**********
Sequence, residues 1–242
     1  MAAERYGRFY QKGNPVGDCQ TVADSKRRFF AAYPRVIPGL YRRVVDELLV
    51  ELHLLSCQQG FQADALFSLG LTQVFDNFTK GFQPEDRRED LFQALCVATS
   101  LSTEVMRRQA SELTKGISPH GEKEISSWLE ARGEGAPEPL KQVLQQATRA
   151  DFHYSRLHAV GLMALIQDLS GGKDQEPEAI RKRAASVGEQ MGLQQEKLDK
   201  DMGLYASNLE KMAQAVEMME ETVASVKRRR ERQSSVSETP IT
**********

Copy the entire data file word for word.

Sequence, residues 1–242
     1  MAAERYGRFY QKGNPVGDCQ TVADSKRRFF AAYPRVIPGL YRRVVDELLV
    51  ELHLLSCQQG FQADALFSLG LTQVFDNFTK GFQPEDRRED LFQALCVATS
   101  LSTEVMRRQA SELTKGISPH GEKEISSWLE ARGEGAPEPL KQVLQQATRA
   151  DFHYSRLHAV GLMALIQDLS GGKDQEPEAI RKRAASVGEQ MGLQQEKLDK
   201  DMGLYASNLE KMAQAVEMME ETVASVKRRR ERQSSVSETP IT